County residents twice as likely to have seasonal affective disorder

For some Whidbey residents, winter means headaches, irritability and low motivation.

Washington winters mean temperatures dropping, daylight depleting and increased precipitation. For some Whidbey residents, it means headaches and irritability and hobbies and motivation falling to the wayside.

Island County is the least sunny county in the conterminous states, according to NOAA’s Pacific Marine Environmental Laboratory that measures solar radiation. For many residents like Randi Harris experiencing diagnosed depression and anxiety, this means exacerbated symptoms this time of year.

Twenty percent of people in Western Washington experience some form of seasonal depressive symptoms, said Dr. Jennifer Rough, a seasonal affective disorder specialist in Seattle, and seasonal affective disorder affects 10%. That’s at least double the national average.

“We have a one-two punch because we have the darkness of the winter day, and on top of the darkness we have cloud cover,” Rough said. “It was kind of odd in that it was only recently verified with research that having reduced sunlight due to cloud cover does compound the severity of depressive symptoms in people who have said so. That seems like a no-brainer and pretty common sensical, but now it is verified empirically.”

Oak Harbor native Amanda Hertlein-Martin first experienced seasonal affective disorder symptoms at age 15. Every year since has been worse, she said.

“Right now, I slowly am feeling like I’m coming back to life,” she said. “When it’s really bad, I feel like I’m completely hollow and doing absolutely anything makes me feel like I’m walking in sand or in water. Every muscle is heavy, and some days breathing is a struggle.”

Originally from Chicago, Harris found she would go through periods where it was difficult to be interested in hobbies or going to the gym, she said, instead staying inside all day and sleeping or playing video games. When she wasn’t taking care of herself, she was more prone to sickness.

It became obvious that daylight was a big factor of these symptoms when she chose to go to college in Florida and they disappeared. She went off her anti-depressant medication, she said.

Now in Oak Harbor, Harris has returned to treating her symptoms with medication, she said. Regular therapy has given her the confidence to open up about her problems for the first time. Through this process she has realized how strong her support system is that she didn’t see before.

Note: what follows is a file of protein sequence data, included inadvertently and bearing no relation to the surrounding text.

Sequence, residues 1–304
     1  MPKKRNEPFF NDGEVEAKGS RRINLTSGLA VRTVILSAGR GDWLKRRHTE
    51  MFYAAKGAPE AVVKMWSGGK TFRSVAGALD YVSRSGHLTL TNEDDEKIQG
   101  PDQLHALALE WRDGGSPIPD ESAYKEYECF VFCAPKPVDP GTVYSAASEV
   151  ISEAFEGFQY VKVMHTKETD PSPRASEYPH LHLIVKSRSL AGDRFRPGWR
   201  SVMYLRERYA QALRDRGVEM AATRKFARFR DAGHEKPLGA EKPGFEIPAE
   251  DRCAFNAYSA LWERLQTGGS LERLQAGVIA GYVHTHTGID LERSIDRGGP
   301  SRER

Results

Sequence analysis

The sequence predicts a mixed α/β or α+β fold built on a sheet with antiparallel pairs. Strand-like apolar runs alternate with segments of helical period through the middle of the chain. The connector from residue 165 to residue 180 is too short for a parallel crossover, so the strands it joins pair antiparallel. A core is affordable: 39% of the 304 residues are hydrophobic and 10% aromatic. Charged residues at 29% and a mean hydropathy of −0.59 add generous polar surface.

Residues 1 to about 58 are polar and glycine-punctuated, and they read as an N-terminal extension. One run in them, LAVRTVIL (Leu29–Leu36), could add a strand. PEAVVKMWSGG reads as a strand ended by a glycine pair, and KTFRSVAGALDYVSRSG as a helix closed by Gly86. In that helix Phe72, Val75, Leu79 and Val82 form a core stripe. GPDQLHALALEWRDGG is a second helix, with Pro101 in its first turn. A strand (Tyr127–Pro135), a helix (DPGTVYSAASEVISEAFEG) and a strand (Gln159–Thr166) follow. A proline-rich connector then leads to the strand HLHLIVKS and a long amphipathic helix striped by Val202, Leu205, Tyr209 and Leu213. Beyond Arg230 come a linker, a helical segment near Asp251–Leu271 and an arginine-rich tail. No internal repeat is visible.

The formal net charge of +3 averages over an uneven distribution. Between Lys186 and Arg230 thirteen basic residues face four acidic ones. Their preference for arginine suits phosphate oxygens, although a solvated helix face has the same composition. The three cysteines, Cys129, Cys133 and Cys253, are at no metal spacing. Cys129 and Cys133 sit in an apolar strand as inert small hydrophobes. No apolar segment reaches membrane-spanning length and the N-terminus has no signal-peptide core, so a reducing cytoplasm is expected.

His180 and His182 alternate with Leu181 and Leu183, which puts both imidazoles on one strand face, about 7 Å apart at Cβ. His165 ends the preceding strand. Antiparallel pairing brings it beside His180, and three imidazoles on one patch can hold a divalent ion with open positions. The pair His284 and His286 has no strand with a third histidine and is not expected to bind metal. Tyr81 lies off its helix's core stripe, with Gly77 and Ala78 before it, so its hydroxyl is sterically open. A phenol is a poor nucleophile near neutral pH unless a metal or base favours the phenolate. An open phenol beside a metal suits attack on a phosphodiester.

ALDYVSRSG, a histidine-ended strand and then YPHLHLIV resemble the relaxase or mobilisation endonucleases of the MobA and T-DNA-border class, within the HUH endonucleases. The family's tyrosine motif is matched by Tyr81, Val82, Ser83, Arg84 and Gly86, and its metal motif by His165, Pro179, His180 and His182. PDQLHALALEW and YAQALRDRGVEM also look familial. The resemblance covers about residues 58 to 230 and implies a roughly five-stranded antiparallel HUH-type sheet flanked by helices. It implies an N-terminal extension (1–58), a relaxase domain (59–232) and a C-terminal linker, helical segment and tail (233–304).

“I started realizing I can tell people what’s going on in my head and even though my anxiety is going to tell me that they’re going to laugh at me or they’re going to be mad at me or they’re going to be like ‘that’s stupid,’ it’s not actually the case,” she said.

People with the same symptoms sometimes respond to treatments differently, Rough said.

Dr. Kelly Rohan, director of clinical training at the University of Vermont, is conducting a study funded by the National Institutes of Health looking at underlying biological and psychological vulnerabilities to seasonal affective disorder.

Subjects receive cognitive behavioral therapy in a group setting and at some point bright light therapy, but the order is randomized to see if some people respond to one treatment versus another.

“The hypothesis is of course yes, right?” Rough said. “Not every person is the same, and so although there are a collection of symptoms that are most common, everybody’s circadian system runs differently and at different lengths.”

Harris has been treating her symptoms for ten years and sometimes feels like nothing has helped.

“If I had my way, I would definitely move, because for me the sunlight, it feels like a natural cure,” she said.

For Hertlein-Martin, treatments have only worked short-term.

“There isn’t any good solution,” she said. “I’ve tried vitamin D and sun lamps and exercise and anything that anyone can think of, but nothing works long term and nothing seems to help past doing the activity.”

Antidepressant medications such as selective serotonin reuptake inhibitors, bright light therapy and cognitive behavioral therapy have about a 60% effectiveness rate, Rough said. It takes trial and error in combination to see what works best for the individual.

“There are a lot of great options for people, which is really nice,” Rough said. “We’re just at that place where we’re trying to figure out how we can really match the specific patient with the specific treatment so we’ll get them better, faster.”

Harris advises people who are struggling with depressive symptoms to be strong and admit their feelings and be forthright in pursuing what works best for them. Don’t hold back.

“I struggled the most with recognizing what would be the best for me, even if it’s not the best for other people,” she said.

Rough hears from patients the most in January because that’s when enough days have built to feel fatigue, malaise and the drag of everyday life, she said. For those who are still experiencing symptoms, she encourages them to seek help.

“It’s not too late in the season to seek treatment and feel better for the next few months,” she said.